Anastasius, the name of two emperors of Constantinople. I. Surnamed Dicorus, born about 430, died in 518. He was a member of the lifeguard (silentiarii) of the emperor Zeno, on whose death in 491 he was proclaimed emperor through an intrigue with the empress Ariadne, whom he soon afterward married. Though more than 60 years of age, he began his stormy reign by suppressing with great ability a rebellion organized against him by Longinus, Zeno's brother, who had aspired to the throne, and by two other natives of the Isaurian province, whose names were also Longinus. Rebellions, plagues, earthquakes, and a severe famine tilled the next years of his reign with hardship for the people and difficulty for the emperor; and finally the Persians under their king Cabades invaded the empire with such success, that Anastasius was compelled to purchase peace by an enormous tribute (505). In the opening years of the 6th century Anastasius became involved in the religious disputes of the time, and was anathematized by Pope Symmachus for favoring the Eutychian heresy.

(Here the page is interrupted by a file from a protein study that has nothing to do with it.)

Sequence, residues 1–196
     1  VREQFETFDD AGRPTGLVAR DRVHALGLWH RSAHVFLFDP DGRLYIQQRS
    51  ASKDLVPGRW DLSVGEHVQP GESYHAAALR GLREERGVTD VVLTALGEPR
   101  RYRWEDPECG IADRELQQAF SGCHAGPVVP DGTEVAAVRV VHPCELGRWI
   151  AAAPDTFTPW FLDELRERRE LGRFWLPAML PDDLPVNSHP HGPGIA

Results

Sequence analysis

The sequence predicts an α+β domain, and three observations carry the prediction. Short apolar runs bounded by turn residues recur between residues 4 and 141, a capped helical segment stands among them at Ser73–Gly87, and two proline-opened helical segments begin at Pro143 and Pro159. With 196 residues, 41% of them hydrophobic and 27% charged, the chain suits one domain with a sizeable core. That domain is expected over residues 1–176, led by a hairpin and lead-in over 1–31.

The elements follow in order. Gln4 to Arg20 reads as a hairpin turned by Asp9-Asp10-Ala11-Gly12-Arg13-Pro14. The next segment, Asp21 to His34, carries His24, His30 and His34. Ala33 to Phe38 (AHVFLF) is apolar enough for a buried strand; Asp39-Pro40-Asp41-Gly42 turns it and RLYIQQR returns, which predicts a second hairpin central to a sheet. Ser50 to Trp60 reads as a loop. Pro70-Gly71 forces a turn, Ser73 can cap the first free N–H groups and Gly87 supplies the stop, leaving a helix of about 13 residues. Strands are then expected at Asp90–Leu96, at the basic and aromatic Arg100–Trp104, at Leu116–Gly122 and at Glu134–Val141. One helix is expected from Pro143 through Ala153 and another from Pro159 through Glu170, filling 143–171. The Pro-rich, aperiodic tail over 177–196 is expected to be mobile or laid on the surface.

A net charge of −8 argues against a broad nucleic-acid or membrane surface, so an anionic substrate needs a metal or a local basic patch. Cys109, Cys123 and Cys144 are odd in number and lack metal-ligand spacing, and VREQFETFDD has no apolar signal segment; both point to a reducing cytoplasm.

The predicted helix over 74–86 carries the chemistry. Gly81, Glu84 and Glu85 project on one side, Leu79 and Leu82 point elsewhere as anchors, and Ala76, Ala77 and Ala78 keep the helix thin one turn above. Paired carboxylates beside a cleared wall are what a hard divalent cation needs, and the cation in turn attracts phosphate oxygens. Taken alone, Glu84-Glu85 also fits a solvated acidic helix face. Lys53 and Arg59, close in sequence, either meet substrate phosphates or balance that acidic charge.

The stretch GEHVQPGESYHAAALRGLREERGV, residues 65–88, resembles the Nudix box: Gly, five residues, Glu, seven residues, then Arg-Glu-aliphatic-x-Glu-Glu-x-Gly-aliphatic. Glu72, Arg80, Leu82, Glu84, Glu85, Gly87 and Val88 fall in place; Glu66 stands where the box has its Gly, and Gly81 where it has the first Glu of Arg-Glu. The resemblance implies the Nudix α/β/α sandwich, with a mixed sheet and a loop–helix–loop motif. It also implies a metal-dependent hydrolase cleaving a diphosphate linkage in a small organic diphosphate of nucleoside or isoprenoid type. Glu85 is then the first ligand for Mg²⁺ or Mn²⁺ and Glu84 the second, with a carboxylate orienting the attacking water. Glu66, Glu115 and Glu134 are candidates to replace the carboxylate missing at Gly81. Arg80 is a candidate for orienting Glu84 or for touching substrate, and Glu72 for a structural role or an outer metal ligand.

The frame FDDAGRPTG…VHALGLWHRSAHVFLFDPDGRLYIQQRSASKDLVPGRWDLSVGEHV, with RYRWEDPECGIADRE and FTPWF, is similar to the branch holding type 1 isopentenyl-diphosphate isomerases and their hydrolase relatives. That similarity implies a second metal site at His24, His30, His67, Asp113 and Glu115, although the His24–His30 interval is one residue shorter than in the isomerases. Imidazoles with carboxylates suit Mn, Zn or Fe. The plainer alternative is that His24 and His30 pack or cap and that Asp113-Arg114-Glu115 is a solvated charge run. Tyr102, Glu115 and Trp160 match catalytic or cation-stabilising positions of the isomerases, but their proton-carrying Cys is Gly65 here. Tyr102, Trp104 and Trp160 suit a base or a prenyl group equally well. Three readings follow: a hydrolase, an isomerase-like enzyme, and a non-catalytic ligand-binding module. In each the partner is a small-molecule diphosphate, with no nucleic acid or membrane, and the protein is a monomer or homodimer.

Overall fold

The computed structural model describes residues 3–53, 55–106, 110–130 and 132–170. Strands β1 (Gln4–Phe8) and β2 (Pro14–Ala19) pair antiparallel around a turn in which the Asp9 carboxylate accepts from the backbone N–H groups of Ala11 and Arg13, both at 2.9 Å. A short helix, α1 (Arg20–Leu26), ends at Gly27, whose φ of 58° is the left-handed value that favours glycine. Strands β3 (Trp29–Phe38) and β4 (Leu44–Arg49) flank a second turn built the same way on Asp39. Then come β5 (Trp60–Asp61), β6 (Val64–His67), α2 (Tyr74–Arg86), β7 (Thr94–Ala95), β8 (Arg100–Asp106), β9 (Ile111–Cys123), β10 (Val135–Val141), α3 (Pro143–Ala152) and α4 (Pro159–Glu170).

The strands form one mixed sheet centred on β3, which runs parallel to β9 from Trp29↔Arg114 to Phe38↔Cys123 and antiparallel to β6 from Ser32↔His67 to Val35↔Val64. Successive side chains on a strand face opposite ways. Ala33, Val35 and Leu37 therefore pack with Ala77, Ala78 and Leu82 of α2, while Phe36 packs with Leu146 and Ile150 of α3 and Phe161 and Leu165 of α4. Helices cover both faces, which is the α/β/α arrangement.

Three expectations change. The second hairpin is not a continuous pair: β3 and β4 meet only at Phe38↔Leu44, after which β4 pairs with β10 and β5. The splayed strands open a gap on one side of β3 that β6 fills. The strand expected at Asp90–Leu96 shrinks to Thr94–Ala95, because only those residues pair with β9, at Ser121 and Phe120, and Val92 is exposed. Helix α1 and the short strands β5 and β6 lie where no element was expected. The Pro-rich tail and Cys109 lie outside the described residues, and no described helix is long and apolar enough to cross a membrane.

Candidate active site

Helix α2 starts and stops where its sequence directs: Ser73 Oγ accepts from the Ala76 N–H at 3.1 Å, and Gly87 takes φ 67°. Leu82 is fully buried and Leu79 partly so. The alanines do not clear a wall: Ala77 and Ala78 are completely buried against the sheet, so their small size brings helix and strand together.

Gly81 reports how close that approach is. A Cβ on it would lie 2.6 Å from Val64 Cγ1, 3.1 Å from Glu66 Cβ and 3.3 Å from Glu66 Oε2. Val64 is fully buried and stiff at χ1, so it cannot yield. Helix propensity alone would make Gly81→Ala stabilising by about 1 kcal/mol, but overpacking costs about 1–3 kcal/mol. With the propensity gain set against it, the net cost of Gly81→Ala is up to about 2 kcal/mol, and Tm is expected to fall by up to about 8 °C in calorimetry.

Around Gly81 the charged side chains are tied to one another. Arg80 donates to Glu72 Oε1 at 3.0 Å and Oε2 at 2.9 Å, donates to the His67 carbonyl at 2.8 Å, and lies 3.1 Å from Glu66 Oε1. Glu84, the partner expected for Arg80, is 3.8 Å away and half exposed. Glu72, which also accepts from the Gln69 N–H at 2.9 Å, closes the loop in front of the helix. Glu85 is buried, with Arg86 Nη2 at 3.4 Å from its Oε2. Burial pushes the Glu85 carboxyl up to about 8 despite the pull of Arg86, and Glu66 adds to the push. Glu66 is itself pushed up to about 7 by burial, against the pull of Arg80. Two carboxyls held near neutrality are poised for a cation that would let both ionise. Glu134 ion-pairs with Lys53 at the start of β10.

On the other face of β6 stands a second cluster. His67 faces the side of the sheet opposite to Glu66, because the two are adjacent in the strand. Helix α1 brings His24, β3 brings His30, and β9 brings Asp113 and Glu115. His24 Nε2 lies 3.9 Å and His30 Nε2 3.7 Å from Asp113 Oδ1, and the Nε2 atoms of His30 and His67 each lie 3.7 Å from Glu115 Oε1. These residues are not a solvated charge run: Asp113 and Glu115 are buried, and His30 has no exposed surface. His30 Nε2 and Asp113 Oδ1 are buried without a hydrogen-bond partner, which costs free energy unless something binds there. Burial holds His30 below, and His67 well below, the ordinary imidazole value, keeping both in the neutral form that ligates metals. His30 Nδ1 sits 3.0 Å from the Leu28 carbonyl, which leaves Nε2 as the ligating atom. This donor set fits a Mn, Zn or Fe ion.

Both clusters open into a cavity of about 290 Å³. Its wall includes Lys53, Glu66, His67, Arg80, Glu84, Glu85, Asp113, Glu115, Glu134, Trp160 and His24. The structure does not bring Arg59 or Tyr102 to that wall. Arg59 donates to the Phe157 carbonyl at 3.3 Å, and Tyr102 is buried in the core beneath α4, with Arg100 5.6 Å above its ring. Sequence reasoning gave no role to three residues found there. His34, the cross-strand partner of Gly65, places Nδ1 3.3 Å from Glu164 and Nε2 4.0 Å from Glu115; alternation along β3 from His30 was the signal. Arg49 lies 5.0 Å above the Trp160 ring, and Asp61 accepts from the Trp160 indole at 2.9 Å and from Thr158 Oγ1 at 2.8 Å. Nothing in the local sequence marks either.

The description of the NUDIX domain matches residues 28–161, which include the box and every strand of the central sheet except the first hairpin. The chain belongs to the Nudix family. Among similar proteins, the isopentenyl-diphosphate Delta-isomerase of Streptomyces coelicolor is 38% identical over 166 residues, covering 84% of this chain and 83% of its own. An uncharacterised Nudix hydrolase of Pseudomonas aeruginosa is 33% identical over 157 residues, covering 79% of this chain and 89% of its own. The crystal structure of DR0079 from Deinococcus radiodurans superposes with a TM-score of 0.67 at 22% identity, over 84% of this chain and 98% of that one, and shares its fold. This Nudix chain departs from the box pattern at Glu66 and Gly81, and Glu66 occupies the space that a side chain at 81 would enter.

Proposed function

II. Originally named Artemius, chosen emperor in 713 as successor to Philippicus, whose minister he had been. He began his reign by punishing Rufus, the traitor who had deposed Philippicus. In 715 he undertook an expedition against the Arabs, but it was rendered futile by the mutiny of many of the sailors of his fleet. The mutineers proclaimed as emperor one Theodosius, a government official, who besieged Constantinople and Nicaea, in which latter place Anastasius was when attacked. The latter was driven from the throne (716), and retired to a monastery, while the rebel became emperor as Theodosius III. In the reign of Leo III. Anastasius endeavored to regain the throne, but was defeated and put to death (721).